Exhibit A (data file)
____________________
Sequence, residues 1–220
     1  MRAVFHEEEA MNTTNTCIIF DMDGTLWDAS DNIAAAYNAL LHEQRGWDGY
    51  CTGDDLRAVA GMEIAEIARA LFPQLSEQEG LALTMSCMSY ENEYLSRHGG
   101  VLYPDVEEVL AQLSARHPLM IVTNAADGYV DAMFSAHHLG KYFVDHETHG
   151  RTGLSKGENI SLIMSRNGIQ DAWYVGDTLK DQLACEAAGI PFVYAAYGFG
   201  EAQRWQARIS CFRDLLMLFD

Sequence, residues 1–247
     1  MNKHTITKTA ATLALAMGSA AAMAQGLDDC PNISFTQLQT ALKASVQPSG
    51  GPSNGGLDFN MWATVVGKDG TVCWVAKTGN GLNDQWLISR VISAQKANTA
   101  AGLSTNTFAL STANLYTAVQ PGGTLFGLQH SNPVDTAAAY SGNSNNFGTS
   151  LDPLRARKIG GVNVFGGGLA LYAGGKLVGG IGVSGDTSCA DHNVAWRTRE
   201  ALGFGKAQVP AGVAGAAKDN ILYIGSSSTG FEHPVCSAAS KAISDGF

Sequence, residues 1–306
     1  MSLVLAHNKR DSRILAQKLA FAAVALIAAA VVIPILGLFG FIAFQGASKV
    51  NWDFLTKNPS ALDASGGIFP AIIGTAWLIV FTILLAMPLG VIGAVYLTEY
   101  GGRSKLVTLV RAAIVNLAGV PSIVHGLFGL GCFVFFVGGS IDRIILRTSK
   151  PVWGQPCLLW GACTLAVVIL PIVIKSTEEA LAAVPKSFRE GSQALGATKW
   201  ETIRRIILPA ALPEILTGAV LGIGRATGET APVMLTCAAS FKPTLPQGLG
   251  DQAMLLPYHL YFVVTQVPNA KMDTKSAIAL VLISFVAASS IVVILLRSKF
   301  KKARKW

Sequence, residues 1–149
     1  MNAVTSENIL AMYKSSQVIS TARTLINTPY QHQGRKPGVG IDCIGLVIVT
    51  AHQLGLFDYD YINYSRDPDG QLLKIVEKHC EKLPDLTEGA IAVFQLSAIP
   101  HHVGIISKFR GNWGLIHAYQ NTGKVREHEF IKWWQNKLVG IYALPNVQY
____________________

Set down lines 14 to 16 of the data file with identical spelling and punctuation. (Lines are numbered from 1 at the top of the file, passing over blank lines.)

     1  MSLVLAHNKR DSRILAQKLA FAAVALIAAA VVIPILGLFG FIAFQGASKV
    51  NWDFLTKNPS ALDASGGIFP AIIGTAWLIV FTILLAMPLG VIGAVYLTEY
   101  GGRSKLVTLV RAAIVNLAGV PSIVHGLFGL GCFVFFVGGS IDRIILRTSK